I had put my faith in the Lord, and he was watching over me and delivering me from all troubles and evildoers, as David prays in Psalm 34:

The righteous cry out, the LORD hears

and he rescues them from all their afflictions.

The LORD is close to the brokenhearted,

saves those whose spirit is crushed.

Many are the troubles of the righteous,

but the LORD delivers him from them all.

He watches over all his bones;

not one of them shall be broken (Psalm 34:18–21).

Our Refuge, Source, and Summit

I do not intend to portray myself as a righteous man, nor is my story the only one. There are millions of unique and sad stories of migrants and refugees, some of which will never be told by our brothers and sisters who never reached their destination. I weep for the lives that have been lost, drowned in the oceans and bodies left unburied in the deserts. The toll on human suffering and the lasting trauma that migrants and refugees experience on their journey is immense. While these experiences of our human journey make us vulnerable, Christ lifts our vulnerability through his sacrifice on the Cross. At the Eucharist, our burdens and preoccupations are transformed into feelings of hope and gratitude. As the Psalmist put it, “Because you have the LORD for your refugee and have made the Most High your stronghold, no evil shall befall you, no affliction come near your tent” (Ps 91:9–10).

Close-up of a crucifix

Over the years, I have experienced Christ’s immense love, mercy, and companionship in the Eucharist. He is my refuge and the source of purpose in my life and ministry. These encounters with Jesus at the Holy Sacrifice of the Mass have also led me to experience more deeply how I am created in the likeness and image of God. It is through Christ’s life and Paschal Mystery that my migrant journey is best understood and shares in the mystery of God.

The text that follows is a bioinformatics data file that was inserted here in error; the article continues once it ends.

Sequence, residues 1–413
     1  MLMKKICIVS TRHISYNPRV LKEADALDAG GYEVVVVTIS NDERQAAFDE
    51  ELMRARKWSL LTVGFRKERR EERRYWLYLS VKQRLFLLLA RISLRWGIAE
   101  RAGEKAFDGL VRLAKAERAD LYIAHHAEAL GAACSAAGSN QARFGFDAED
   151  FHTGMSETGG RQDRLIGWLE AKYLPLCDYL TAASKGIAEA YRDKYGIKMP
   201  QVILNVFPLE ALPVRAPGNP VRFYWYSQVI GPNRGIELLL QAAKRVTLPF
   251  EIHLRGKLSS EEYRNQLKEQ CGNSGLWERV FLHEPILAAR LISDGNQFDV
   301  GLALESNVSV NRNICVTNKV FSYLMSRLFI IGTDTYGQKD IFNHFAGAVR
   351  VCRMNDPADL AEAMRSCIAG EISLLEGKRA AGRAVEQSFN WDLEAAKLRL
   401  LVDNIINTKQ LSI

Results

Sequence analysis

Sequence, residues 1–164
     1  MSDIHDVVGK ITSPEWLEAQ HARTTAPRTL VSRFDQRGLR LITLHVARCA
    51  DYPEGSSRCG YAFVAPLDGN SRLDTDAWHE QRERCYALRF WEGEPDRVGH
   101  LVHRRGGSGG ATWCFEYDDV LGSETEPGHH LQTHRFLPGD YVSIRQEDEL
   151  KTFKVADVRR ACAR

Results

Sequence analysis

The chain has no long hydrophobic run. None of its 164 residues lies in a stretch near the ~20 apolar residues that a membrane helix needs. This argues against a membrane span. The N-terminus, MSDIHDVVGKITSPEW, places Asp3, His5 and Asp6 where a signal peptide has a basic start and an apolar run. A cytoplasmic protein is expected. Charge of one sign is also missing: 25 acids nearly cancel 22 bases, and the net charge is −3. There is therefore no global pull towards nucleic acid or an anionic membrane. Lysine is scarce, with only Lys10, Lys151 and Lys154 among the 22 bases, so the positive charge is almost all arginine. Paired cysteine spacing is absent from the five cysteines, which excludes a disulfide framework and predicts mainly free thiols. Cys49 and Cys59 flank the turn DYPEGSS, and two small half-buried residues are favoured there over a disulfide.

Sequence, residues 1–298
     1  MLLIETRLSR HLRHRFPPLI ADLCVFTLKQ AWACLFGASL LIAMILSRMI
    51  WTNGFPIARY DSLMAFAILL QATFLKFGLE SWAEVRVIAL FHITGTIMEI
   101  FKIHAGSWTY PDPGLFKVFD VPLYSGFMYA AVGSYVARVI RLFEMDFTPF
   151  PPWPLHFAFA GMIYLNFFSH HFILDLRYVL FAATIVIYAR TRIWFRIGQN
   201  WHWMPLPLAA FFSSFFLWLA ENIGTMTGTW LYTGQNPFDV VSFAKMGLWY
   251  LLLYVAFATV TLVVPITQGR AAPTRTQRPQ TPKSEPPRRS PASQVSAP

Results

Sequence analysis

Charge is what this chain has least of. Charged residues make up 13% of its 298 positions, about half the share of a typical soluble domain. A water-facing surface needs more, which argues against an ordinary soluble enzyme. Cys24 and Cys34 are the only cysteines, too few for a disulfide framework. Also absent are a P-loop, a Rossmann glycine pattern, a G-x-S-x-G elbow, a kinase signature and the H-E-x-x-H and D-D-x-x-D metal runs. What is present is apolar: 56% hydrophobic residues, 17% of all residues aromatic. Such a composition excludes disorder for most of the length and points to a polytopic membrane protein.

The Eucharist is the source and summit of our Christian life and of the human journey to the divine. Christ is a pure sacrifice to God and a self-gift to humanity. “Through Him, with Him and in Him,” our dignity is restored, and our hearts are healed. “Through Him, with Him and in Him,” our migration story achieves its full realization. “Through Him, with Him and in Him,” our difficulties, pains, and wounds join Jesus’ sacrificial love to God.

“The Sacrament of the Eucharist is itself a striking and wonderful figure of the unity of the Church, if we consider how in the bread to be consecrated many grains go to form one whole, and that in it the very Author of supernatural grace is given to us, so that through Him we may receive the spirit of charity in which we are bidden to live now no longer our own life but the life of Christ, and to love the Redeemer Himself in all the members of His social Body” (Pope Pius XII, Mystici corporis, no. 83). In effect, “The Eucharist draws each of us closer to Christ as individuals, but also as a community” (Eucharist and Social Mission: Body of Christ, Broken for the World, pg. 7).